Next day another atmospheric river is meandering overhead. Through the day the rain steadily increases in volume and after nightfall, about 4:30 pm, a fog begins to rise. I need to nip down to the grocery story, the main street is resplendent in Christmas lights. The usual number of moron motorists insist on driving around with retina-burning hi-beam headlights. I am half-blinded as I creep through the four-way stop. Suddenly, immediately in front of the car’s hood, a black-clad, black umbrella toting pedestrian has appeared. How she got out there from the curb is stunning. Yes, I stopped in time. I gave her my best old sailor roar but she was adamant about her rights. I’ve said it before and damnit I’ll say it again. We see it daily on our roads. We have devolved to the point where the primal instinct, fear, which has kept our species alive for a very long time, has eroded severely for many people. Perhaps there is a FEAR App. for that ubiquitous cell phone. Beep, beep, termination imminent!
The premium app allows you to choose a celebrity warning voice. How about Porky Pig? “Tha, tha, that’s all folks!”
Black Friday Weekend huh?
Sunday morning, the rain continues. Monday, it’s stopped for a while. Jack and I are going for a walk.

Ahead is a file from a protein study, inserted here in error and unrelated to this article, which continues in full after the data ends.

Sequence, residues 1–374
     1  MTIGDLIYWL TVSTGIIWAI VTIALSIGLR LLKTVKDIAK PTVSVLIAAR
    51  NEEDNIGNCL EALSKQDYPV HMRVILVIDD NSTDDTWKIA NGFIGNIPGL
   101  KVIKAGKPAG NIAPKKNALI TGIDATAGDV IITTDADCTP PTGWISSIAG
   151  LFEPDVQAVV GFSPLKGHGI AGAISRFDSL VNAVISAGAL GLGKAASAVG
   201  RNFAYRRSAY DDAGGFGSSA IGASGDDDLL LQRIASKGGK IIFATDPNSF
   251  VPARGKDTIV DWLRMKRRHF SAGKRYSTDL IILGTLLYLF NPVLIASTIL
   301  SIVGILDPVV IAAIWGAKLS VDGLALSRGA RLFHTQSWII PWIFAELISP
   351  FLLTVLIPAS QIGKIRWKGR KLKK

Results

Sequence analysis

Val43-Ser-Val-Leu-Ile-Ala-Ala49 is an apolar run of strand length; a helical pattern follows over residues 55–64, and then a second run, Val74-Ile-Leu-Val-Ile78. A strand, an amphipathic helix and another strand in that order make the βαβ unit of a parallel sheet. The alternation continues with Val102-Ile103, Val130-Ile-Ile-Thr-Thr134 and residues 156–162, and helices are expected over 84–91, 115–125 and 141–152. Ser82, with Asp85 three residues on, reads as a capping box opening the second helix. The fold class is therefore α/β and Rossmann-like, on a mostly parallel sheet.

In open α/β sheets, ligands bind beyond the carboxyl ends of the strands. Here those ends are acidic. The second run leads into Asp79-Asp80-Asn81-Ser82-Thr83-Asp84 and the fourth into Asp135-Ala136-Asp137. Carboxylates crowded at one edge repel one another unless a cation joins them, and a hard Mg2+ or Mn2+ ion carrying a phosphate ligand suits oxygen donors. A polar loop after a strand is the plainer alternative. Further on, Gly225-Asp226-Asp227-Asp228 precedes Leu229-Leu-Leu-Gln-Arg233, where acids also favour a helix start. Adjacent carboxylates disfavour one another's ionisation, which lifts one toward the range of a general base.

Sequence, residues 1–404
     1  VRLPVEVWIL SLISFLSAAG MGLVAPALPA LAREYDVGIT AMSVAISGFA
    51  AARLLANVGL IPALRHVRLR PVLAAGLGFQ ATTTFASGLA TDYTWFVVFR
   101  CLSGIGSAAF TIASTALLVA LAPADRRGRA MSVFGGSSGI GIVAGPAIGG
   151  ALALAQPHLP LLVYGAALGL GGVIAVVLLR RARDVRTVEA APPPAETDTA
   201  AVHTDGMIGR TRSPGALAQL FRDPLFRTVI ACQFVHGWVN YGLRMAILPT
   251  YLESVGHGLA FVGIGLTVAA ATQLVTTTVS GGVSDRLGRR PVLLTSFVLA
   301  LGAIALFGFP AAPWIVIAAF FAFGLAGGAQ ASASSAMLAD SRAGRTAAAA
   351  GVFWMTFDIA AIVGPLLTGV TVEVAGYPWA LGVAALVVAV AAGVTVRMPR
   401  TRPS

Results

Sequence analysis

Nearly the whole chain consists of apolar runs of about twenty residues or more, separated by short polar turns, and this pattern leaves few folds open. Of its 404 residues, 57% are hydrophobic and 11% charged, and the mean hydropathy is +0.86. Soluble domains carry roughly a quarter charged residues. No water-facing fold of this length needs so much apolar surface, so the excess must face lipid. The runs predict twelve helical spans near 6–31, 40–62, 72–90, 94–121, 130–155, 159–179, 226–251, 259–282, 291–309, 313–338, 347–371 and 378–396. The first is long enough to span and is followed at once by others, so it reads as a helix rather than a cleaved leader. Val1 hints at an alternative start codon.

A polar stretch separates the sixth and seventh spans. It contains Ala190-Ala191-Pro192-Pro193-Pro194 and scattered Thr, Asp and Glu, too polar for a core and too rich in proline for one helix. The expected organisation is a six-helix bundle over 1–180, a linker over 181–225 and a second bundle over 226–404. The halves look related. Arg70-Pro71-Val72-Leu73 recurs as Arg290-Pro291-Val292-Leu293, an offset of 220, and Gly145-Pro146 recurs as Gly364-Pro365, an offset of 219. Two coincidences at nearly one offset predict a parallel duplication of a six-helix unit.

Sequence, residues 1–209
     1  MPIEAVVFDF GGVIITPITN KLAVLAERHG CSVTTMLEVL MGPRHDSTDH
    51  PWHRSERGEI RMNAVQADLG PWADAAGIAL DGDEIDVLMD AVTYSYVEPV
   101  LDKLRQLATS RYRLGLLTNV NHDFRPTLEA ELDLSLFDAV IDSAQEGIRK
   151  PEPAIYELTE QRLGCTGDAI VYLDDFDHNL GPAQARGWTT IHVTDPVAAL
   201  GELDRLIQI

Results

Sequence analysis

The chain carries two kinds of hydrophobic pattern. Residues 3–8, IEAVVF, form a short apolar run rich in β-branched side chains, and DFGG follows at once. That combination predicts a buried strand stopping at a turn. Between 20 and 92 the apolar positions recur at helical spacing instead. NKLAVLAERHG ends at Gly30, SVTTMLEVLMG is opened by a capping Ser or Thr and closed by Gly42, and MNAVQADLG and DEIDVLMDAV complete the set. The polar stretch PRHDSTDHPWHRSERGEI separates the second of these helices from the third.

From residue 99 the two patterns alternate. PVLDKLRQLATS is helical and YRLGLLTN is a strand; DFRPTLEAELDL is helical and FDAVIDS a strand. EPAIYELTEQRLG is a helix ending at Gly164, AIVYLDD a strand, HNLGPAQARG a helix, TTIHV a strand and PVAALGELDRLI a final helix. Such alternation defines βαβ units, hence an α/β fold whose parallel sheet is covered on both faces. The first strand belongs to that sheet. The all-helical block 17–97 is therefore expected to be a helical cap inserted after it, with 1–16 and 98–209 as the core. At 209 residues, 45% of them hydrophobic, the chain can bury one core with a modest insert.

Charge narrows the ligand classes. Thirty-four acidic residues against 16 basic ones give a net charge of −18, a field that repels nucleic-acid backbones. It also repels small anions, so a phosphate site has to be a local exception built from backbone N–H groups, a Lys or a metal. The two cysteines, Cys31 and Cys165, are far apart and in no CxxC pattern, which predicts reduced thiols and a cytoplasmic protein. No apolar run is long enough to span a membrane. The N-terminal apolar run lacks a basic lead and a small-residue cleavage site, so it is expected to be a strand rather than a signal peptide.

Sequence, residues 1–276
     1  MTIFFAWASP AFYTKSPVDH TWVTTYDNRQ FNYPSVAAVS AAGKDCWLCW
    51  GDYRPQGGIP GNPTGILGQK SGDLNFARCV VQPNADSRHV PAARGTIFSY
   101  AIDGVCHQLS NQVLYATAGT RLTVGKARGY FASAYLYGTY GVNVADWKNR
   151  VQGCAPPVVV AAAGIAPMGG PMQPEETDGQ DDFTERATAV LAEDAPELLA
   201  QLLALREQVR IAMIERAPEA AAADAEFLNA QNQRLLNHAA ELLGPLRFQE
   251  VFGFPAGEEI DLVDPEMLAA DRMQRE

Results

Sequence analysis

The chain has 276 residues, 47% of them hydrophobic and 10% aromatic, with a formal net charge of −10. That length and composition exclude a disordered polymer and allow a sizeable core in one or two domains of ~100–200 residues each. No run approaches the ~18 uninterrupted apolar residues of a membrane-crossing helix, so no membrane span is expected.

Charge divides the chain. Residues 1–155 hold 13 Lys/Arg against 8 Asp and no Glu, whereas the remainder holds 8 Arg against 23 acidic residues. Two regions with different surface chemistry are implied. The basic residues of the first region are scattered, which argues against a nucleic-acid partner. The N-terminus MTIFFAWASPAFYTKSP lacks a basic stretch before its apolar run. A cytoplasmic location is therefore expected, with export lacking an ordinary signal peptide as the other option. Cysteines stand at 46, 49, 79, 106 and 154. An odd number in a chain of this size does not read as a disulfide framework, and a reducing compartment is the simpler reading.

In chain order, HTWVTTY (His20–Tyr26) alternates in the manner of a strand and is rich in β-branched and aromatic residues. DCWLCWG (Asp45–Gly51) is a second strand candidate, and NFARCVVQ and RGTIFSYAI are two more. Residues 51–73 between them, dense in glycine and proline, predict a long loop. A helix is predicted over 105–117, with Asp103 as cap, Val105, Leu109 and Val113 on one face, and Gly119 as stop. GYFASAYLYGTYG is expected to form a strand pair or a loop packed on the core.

Three blogs back I made the heinous error of describing the Farsi language as Parsi. Just one letter out but it is like describing Chinese as Japanese. I owe an apology to a very large ethnic group.
My second brainfart (to which I’ll admit) came today when an email arrived to which I stupidly responded. It was a scam. Now I am having to undo my knee-jerk foolishness. It is a time of year when we are all probably expecting a package and with current shipping issues, a damaged label seemed quite possible. They needed $3 to relabel and redirect the package. The scam really comes when you’ve given them a credit card number which is then reported to be not working and do you have another one you could use? Dumbo finally smelled the coffee and reported his stupidity. A new credit card is in the mail. I know, I know …as smart as he looks! You’ve been warned. Interestingly within hours, several ‘stranded package’ scams appeared. Scams must work, they keep coming. I’m not the only fool out there.
“We can easily forgive a child who is afraid of the dark; the real tragedy of life is when men are afraid of the light.” Plato